Embracing the Repulsive?
Maundy Thursday | Fr Richard Ounsworth connects the dots between the Eucharist and the washing of feet.
Today is the day on which we celebrate the institution of the Eucharist; so it seems rather strange that we should read from the one Gospel that has no account of that moment, especially as the preacher is instructed by the Church to preach precisely on the Eucharist – and yet every homily is an exposition of the Gospel. Clearly, then, what is required today of all days is an exercise in joining the dots. To put it another way: what is the theological link between the Body of Christ given to us under the forms of bread and wine, and feet?
The beginning of the answer is clear enough: we have used the word ‘body’ to describe the Eucharist. Of course we have – because Jesus did! Well, perhaps. But we may imagine that at the Last Supper Jesus was not speaking English, nor Latin, and probably not Greek either, but Aramaic, in which there is no word that precisely aligns to the Greek ‘soma’ which is more or less the equivalent of our English ‘body’ or the Latin ‘corpus’. It was very possibly St Paul who first had to decide what Greek word to use to translate Jesus’s words into Greek, and it is significant that he chose ‘soma’ rather than ‘sarx’, ‘flesh’, which is the word that St John uses when he tells us of Jesus’s teaching on the Eucharist in chapter six of his Gospel. So why did St Paul use ‘body’? I think because he discusses the Eucharist in 1 Corinthians in the context of a broader discussion of two related things: the relationship between the Christian and the Church, and the relationship between the Christian and Jesus. The Church, he says, is like a body, made up of many parts that all have a crucial but distinct role to play; but it is no ordinary body: it is the Body of Christ, the holy presence of the risen Jesus in this world.
We Christians, as members of that unique Body, are members of Christ and members of one another. These are not separate things, either. Our unity with one another is a bond of love, and not just any love but divine love, charity, which is the very life of God. We can say that the Spirit of Christ is, as it were, the soul of the Church, making it a living and a life-giving Body. For the Church to reject love, then, would be to reject the very thing that makes her what she is; and for the Christian to turn away from love of neighbour is to turn away from Christ, to cut ourselves off from the body of which we are members and make ourselves dead limbs. In the same way, to cut ourselves off from the Church is to cut ourselves off from the lifeblood of the divine love.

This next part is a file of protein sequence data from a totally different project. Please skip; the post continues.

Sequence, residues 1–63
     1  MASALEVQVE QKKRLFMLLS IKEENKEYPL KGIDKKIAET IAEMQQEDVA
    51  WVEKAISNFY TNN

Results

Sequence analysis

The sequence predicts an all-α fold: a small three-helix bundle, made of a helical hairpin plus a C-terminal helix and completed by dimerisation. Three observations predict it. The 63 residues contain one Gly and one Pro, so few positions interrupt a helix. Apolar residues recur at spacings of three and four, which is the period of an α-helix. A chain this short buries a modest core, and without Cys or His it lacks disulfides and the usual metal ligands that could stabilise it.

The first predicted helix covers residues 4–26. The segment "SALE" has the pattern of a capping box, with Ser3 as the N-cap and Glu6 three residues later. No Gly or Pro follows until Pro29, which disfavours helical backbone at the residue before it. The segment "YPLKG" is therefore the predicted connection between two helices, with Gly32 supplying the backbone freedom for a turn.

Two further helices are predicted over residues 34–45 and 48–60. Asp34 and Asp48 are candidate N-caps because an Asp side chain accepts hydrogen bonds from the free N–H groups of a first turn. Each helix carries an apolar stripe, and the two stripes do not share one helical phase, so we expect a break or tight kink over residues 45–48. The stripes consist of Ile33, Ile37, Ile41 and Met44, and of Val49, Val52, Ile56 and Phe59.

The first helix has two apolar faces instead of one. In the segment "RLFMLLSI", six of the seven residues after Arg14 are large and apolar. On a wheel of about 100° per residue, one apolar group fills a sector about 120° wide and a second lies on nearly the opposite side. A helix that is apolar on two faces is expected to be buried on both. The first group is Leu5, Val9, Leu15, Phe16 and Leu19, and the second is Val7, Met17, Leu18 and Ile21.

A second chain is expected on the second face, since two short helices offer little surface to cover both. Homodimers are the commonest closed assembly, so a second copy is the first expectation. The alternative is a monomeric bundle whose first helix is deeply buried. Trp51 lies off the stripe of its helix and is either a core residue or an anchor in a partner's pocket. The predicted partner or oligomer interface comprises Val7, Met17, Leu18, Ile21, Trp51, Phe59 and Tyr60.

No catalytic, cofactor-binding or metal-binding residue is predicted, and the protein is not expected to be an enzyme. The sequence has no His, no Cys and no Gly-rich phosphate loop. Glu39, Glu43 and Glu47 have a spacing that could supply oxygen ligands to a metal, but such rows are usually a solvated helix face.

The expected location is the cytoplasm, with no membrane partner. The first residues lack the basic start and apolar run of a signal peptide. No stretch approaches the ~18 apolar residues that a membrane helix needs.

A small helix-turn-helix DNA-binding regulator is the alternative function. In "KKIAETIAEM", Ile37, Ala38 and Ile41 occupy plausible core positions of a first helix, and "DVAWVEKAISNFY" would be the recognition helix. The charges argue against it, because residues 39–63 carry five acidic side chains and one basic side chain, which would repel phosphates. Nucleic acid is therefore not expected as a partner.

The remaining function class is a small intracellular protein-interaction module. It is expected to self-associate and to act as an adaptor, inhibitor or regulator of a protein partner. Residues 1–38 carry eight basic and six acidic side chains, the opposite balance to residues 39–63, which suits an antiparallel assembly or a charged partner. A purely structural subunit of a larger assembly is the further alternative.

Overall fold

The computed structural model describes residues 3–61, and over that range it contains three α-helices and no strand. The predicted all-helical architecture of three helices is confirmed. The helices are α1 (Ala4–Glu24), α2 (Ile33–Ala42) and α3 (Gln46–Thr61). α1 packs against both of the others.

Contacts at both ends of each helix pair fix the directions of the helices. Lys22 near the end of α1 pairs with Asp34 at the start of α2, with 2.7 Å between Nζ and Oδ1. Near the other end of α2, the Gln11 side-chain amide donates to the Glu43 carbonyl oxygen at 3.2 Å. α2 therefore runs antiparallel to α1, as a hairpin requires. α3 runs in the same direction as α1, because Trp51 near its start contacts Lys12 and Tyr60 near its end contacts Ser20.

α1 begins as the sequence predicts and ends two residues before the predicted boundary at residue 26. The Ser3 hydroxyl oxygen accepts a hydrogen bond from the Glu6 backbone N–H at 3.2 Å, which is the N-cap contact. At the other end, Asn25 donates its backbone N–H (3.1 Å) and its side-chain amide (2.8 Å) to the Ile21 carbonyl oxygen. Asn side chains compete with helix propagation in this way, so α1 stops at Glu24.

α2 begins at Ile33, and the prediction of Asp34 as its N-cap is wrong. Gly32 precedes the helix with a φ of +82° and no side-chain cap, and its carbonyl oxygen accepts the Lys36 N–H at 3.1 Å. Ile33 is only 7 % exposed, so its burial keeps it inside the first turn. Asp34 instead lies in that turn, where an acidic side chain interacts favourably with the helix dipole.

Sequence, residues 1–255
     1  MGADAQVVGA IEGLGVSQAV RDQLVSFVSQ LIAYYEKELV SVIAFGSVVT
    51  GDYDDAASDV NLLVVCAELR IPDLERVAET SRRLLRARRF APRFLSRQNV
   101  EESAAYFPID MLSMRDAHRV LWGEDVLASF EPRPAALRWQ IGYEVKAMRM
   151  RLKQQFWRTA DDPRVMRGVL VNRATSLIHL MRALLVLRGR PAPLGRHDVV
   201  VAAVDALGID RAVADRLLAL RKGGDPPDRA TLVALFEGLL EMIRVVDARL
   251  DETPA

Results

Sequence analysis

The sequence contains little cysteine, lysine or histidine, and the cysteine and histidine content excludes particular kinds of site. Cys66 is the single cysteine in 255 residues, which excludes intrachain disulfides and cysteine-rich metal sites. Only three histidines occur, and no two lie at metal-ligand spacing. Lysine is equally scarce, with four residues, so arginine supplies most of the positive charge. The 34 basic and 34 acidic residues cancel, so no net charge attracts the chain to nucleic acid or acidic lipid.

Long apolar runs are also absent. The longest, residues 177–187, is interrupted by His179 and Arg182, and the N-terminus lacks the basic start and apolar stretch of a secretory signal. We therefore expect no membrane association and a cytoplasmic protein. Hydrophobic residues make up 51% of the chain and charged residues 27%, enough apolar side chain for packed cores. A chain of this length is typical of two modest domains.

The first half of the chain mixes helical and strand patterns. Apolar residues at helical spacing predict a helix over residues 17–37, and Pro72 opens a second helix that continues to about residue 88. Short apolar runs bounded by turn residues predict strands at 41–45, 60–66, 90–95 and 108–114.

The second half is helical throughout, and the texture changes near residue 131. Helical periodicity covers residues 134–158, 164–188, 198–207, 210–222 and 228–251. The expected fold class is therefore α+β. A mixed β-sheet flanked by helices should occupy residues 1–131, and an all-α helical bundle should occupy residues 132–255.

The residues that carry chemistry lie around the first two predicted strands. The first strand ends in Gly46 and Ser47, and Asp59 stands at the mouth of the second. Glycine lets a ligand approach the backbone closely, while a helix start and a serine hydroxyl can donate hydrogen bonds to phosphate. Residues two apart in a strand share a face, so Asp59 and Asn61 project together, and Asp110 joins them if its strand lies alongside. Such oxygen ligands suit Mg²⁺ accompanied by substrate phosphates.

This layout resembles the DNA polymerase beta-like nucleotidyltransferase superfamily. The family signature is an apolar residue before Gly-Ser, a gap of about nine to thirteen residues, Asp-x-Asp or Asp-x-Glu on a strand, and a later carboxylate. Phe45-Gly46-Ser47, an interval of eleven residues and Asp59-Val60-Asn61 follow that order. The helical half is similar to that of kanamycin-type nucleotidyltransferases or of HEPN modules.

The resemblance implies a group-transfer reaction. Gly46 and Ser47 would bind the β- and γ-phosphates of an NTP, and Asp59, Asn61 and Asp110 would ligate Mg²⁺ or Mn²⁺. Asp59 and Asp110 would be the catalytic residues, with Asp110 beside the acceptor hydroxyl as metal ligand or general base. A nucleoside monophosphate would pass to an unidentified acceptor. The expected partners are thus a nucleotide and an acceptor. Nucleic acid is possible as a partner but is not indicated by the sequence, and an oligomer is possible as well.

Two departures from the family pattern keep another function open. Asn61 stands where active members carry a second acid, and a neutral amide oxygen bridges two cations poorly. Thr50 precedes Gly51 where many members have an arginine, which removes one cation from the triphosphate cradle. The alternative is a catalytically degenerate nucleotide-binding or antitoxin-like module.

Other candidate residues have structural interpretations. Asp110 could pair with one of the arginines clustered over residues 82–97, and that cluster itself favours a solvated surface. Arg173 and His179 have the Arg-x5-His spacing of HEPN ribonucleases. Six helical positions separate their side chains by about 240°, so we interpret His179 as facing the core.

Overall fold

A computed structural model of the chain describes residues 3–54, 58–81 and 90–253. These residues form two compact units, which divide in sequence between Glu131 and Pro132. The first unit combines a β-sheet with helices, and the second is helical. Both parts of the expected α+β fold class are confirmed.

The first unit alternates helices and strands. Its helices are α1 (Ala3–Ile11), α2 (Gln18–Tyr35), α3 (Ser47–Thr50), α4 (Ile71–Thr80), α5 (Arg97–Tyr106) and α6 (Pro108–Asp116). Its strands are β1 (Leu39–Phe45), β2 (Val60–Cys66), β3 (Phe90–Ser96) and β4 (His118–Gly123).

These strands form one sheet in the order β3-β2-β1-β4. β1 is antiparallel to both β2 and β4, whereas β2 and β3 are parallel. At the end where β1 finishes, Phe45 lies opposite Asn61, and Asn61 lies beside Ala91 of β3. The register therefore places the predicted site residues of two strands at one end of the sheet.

There is, then, an intimate connection between love and the Eucharist. This is what St Paul means when he says that until Jesus comes, when we celebrate the Eucharist, when we eat the Body and drink the Blood of Christ we are proclaiming his death: Jesus’s death is the perfect, ultimate act of divine love, the love that never gives up, holds nothing back, demands nothing in return. If we want to know what our new life in Christ looks like, we look at the Cross.
How can we possibly respond to that extraordinary love? There are three answers, and they bring us back to feet (at last!). First, we allow Christ to love us, without demur, without false modesty. If Christ would wash your feet, let him. If the parish priest asks you to have your feet washed at tonight’s Mass, accept joyfully. Of course you’re not worthy. Neither was Peter, neither is anyone.
Secondly, as Jesus tells us, ‘I have given you an example’: let us wash the feet of others. Do I mean this literally? Yes – at least literally. If there is anyone whose feet we would flinch from washing, can we claim that we love them? Can we claim that the love of God is our real life, that (as St Paul says) ‘it is not I who live, but Christ in me’? Tomorrow, we will kiss an image of the feet of Christ as he dies for our sins. Those feet were calloused, bloody, broken, pierced – physically repulsive. Today, tomorrow, and for the rest of our lives, whose repulsiveness will we wash and kiss and embrace?
Finally, ‘how lovely on the mountains are the feet of him who brings good news!’ Today, Jesus offers to give us lovely feet. The Eucharist is our food for the journey, and our journey is a missionary one, because we are the Body of Christ. If we allow ourselves to be loved by Christ, and if we allow that love to transform our loves until we long to embrace the repulsive and serve whomever is given us to serve, then we will all be preachers of the Good News.
Tonight, Jesus invites us to watch with him one hour. Let us do so – and then keep watch, for the whole of our lives, for opportunities to preach and to love even as Jesus loved us and gave his life for us.
Photograph by Fr Lawrence Lew OP of a mosaic in the apse of the Basilica of St Paul-outside-the-Walls in Rome. It shows Pope Honorius III embracing the feet of Christ.